Advertisement

3 Biotech

, 8:135 | Cite as

Assessment of adulteration in raw herbal trade of important medicinal plants of India using DNA barcoding

  • J. U. Santhosh Kumar
  • V. Krishna
  • G. S. Seethapathy
  • R. Ganesan
  • G. Ravikanth
  • R. Uma Shaanker
Original Article

Abstract

A number of studies have shown that there could be widespread substitution and/or adulteration (hereafter referred to as substitution) in raw herbal trade of medicinal plants. Substitution could potentially endanger the health and safety of the consumers. In this study, the extent of adulteration in raw herbal trade of 30 important medicinal plants in South India was analyzed. Biological reference material (BRM) consisting of taxonomically authenticated samples of each of the 30 species along with 14 other co-occurring and congeneric allied species that are likely to be used in adulteration was established. DNA barcode signatures of 124 BRM using two candidate regions, nr-ITS and psbA-trnH were identified. A total of 203 herbal trade samples representing the 30 medicinal plant species were collected from 34 locations in South India. Using the DNA barcode sequences of the BRM as reference, the analysis indicated that the substitution ranged from 20 to 100%. Overall, approximately 12% of the market samples were adulterated. Considering the potential health hazard that such adulteration can cause, the need for a national regulatory framework that can authenticate and regulate raw herbal trade in the country is discussed.

Keywords

DNA barcoding Biological reference material Raw herbal drugs Substitution 

Notes

Acknowledgements

This work was supported by Department of Biotechnology, Government of India (Grant number: No.BT/IN/ISTP-EOI/2011). We thank Dr. Senthilkumar and Dr. Srikanth Gunaga for the taxonomic identification of the plant samples.

Compliance with ethical standards

Conflict of interest

The authors declare that they have no conflict of interests.

Supplementary material

13205_2018_1169_MOESM1_ESM.doc (220 kb)
Supplementary material 1 (DOC 220 kb) Table 1S List of plant species occurring in South India along with their voucher number, place of collection, and GenBank accession numbers
13205_2018_1169_MOESM2_ESM.xlsx (27 kb)
Supplementary material 2 (XLSX 26 kb) Table 2S. Query match of nr-ITS and psbA-trnH gene sequences of BRM and trade samples in NCBI database.Table 3S. Details of raw drug samples obtained from different locations of South India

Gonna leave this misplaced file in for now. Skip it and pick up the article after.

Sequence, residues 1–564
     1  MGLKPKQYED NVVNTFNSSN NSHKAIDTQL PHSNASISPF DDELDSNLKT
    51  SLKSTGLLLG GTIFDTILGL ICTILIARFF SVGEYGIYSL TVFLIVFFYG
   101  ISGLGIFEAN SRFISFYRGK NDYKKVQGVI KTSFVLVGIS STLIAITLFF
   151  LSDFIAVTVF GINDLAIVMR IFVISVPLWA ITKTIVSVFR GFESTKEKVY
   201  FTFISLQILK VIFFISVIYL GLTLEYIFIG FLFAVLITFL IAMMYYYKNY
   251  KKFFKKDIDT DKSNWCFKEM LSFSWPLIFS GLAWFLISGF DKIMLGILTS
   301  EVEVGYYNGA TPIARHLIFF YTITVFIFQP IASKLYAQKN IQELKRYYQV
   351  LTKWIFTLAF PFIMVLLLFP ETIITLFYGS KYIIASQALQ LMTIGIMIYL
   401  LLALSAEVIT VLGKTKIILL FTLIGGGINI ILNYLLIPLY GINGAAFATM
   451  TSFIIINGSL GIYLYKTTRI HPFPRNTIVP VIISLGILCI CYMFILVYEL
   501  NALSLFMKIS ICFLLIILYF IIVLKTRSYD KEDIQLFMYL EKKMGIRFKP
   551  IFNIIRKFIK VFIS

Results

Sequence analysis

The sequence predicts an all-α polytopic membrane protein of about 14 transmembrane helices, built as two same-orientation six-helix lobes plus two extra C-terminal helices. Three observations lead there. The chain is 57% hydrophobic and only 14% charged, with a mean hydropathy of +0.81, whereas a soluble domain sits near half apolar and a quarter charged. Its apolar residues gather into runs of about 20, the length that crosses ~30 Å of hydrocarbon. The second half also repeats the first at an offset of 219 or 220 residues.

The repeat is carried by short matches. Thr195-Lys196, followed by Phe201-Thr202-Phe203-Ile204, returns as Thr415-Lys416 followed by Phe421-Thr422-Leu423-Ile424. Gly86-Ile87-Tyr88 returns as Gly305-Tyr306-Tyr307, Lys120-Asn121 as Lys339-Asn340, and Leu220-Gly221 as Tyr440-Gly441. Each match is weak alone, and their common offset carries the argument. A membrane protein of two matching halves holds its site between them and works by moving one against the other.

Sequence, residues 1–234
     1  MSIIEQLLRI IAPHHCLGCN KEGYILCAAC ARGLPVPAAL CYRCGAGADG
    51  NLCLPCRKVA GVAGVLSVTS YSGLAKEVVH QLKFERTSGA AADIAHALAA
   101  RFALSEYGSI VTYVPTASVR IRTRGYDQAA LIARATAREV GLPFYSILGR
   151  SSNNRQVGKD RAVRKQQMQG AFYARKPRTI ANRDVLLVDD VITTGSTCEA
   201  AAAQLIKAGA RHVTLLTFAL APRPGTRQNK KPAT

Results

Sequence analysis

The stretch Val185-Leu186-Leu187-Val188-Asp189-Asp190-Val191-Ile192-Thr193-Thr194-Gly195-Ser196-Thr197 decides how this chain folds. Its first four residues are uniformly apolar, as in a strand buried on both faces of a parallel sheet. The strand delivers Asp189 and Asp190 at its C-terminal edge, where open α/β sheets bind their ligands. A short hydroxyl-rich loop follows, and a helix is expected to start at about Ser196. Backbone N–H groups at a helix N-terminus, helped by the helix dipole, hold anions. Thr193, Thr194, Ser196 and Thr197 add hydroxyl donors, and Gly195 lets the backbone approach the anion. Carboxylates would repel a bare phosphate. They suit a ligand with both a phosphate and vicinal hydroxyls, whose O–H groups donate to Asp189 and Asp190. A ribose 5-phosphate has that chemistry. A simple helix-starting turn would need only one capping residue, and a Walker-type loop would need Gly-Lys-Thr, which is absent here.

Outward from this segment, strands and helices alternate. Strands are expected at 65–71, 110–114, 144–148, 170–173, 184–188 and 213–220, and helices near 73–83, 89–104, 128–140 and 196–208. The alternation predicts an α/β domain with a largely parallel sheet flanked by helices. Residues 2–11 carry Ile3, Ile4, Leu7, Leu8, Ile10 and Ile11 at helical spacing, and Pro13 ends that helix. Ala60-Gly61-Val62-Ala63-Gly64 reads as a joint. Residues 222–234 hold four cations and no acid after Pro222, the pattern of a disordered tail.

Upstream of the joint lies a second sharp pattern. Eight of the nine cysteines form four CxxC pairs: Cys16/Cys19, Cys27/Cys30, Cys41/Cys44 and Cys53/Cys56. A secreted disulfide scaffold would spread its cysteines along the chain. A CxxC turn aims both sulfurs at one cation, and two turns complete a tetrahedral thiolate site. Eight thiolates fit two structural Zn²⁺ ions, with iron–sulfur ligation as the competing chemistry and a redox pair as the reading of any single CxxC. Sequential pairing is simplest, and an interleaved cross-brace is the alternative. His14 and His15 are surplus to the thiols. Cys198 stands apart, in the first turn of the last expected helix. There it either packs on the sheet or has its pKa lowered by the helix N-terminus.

References

  1. Chen S, Yao H, Han J, Liu C, Song J, Shi L, Zhu Y, Ma X, Gao T, Pang X, Luo K (2010) Validation of the ITS2 region as a novel DNA barcode for identifying medicinal plant species. PLoS One 5:e8613CrossRefGoogle Scholar
  2. Doyle JJ, Doyle JL (1987) A rapid DNA isolation procedure for small quantities of fresh leaf tissue. Phytochem Bull 19:11–15Google Scholar
  3. Han J, Pang X, Liao B, Yao H, Song J, Chen S (2016) An authenticity survey of herbal medicines from markets in China using DNA barcoding. Sci Rep 6:18723CrossRefGoogle Scholar
  4. Jian C, Deyi Q, Qiaoyun Y, Jia H, Dexing L, Xiaoya W, Leiqing Z (2014) A successful case of DNA barcoding used in an international trade dispute. DNA Barcodes 2:21–28CrossRefGoogle Scholar
  5. Kaplan DR (2001) The science of plant morphology: definition, history, and role in modern biology. Am J Bot 88(10):1711–1741CrossRefGoogle Scholar
  6. Kareem AM (1997) Plants in ayurveda (A compendium of botanical and Sanskrit names). Foundation for Revitalisation of Local Health Tradition, BangaloreGoogle Scholar
  7. Kool A, de Boer HJ, Krüger Å, Rydberg A, Abbad A, Björk L, Martin G (2012) Molecular identification of commercialized medicinal plants in Southern Morocco. PLoS One 7:e39459CrossRefGoogle Scholar
  8. Kress WJ, Wurdack KJ, Zimmer EA, Weigt LA, Janzen DH (2005) Use of DNA barcodes to identify flowering plants. PNAS USA 102:8369–8374CrossRefGoogle Scholar
  9. Newmaster SG, Grguric M, Shanmughanandhan D, Ramalingam S, Ragupathy S (2013) DNA barcoding detects contamination and substitution in North American herbal products. BMC Med 11:222CrossRefGoogle Scholar